Do men and women write different kinds of letters?

Do men and women write different kinds of letters? 

Do men and women write different kinds of letters? Certainly the well-known Victorian novelist Charlotte Brontë and her husband Rev Arthur Nicholls thought so. The said Arthur Nicholls thought that the letters his new wife wrote to her long-term friend Ellen Nussey were incendiary: they dealt with ‘dangerous stuff’ because indiscreet and personal in what they said both about the writer and other people. Thus in her letter of ?20 October 1854 to Nussey, Brontë wrote ‘Arthur has just been glancing over this note – He thinks I have written too freely about Amelia &c. Men don’t seem to understand making letters a vehicle of communication – they always seem to think us incautious… Be sure to follow a recommendation he has just given – ‘fire them’ – or ‘there will be no more.’ Such is his resolve. I can’t help laughing – this seems to me so funny, Arthur however says he’s quite ‘serious’ and looks it, I assure you…’

Then in a letter of 7 November 1854 to Nussey, Brontë added, ‘All this seems mighty amusing to me: it is a man’s mode of viewing correspondence – Men’s letters are proverbially uninteresting and uncommunicative – I never quite knew before why they made them so. They may be right in a sense. Strange chances do fall out certainly. As to my own notes I never thought of attaching importance to them, or considering their fate – till Arthur seem to reflect on both so seriously.’

There are two things going on here, then. One is discretion and indiscretion and what would happen if things in letters that were written ‘freely’ came into wider circulation, a possibility that had obviously increased when Brontë became a celebrity of considerable fame. The other is this idea of men and how they wrote letters and that this dId not involve using them as vehicles of communication, by which she seems to mean not communication as such, but communicating in ways that were ‘free’ and about persons, which is what she sees ‘us’, that is, women, doing.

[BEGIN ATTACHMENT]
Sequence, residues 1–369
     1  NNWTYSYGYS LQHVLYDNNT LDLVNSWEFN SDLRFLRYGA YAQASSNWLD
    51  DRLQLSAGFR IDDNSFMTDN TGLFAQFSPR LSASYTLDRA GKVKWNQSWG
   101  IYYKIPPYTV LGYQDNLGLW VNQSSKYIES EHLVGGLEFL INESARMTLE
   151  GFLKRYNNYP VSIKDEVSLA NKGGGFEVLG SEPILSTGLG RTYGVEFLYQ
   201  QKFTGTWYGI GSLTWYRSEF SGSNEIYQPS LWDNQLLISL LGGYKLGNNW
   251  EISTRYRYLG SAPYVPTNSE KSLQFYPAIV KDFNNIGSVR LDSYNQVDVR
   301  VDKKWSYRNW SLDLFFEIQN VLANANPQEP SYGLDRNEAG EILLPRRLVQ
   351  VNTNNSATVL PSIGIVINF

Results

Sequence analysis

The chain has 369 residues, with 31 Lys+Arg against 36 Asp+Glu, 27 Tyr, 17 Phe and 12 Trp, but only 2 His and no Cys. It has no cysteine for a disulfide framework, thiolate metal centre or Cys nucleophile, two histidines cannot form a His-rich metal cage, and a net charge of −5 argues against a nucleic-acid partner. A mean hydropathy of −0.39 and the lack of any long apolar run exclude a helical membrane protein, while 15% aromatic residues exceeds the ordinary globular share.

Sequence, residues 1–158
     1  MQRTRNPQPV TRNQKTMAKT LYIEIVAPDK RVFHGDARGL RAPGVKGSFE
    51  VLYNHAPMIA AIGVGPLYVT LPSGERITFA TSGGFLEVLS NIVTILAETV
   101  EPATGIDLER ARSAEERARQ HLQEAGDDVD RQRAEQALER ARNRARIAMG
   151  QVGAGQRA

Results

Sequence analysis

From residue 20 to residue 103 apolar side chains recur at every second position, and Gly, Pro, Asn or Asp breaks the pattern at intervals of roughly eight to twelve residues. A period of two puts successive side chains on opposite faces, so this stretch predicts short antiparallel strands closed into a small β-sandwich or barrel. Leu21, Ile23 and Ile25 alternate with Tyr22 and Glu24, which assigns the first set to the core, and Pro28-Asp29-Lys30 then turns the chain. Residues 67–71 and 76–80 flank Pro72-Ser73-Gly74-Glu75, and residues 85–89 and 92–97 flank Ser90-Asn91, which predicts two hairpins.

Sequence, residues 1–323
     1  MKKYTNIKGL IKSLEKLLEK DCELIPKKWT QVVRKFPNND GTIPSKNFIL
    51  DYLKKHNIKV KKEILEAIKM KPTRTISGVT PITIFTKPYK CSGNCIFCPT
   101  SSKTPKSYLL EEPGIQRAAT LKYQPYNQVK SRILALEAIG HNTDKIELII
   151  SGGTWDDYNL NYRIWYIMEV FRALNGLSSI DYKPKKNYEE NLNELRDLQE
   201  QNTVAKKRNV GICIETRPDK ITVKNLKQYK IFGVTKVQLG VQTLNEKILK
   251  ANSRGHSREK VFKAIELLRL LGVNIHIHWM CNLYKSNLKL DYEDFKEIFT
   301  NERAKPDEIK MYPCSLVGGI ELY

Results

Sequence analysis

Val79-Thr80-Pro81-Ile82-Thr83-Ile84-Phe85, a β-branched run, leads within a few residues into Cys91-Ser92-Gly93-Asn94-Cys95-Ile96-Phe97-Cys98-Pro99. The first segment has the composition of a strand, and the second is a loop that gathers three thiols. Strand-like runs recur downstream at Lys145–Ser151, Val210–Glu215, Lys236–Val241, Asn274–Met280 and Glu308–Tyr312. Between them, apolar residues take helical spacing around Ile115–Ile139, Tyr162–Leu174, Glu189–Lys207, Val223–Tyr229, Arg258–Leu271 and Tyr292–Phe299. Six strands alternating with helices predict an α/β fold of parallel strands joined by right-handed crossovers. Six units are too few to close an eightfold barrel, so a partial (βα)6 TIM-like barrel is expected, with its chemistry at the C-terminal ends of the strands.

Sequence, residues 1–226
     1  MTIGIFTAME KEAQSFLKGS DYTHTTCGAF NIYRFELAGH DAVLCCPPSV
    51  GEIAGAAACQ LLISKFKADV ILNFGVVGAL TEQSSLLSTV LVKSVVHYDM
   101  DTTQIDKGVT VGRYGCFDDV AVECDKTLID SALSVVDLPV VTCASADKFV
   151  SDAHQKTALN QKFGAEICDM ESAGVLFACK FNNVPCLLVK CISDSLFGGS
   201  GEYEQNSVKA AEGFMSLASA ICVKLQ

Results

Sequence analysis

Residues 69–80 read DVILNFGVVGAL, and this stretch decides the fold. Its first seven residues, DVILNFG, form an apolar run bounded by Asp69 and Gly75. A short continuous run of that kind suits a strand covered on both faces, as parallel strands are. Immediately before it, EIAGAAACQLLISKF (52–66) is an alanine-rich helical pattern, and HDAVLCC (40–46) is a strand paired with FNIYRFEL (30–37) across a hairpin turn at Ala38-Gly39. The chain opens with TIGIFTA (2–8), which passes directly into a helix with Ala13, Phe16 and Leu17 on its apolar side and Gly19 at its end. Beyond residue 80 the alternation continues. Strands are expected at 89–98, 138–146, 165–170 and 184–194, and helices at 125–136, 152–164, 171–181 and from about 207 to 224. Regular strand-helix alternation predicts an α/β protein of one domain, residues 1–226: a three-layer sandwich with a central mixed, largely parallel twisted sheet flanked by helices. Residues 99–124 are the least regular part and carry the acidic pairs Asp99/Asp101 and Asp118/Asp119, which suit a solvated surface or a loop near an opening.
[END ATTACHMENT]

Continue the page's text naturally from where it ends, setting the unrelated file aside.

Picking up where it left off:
Does the distinction that Charlotte Brontë draws bear out regarding the letters that are part of the WWW collections? Are there different patterns of letter-writing for women and for men in this South African context? A definitive answer to this must wait on the conclusion to the project. However, thinking broadly about the tens of thousands of letters that have been considered thus far, there seems little appreciable difference between how white women and men in South Africa write their letters. In Brontë’s terms, they all write like men!

That is, overwhelmingly the WWW letters are ‘business-like’ in the sense that they do not concern themselves with personalities, relationships, affect or interiority, but rather engage with practical matters in hand, and this occurs even in letters written in moments of trouble, joy or other strong emotion. The conventions drawn on are that the expression of such things should be ‘mannered’ in the sense of relying on conventions for how great feeling can be expressed in spare and restrained ways. There is no sense that these conventions were gendered in the way supposed by Arthur Nicholls and Charlotte Brontë.

And Ellen Nussey ignored the injunction from Nicholls to ‘fire’ Charlotte Brontë’s letters to her, by the way.

(Charlotte Brontë Selected Letters, edited by Margaret Smith, pages 237-38 and 240-41)

Last updated: 18 March 2016


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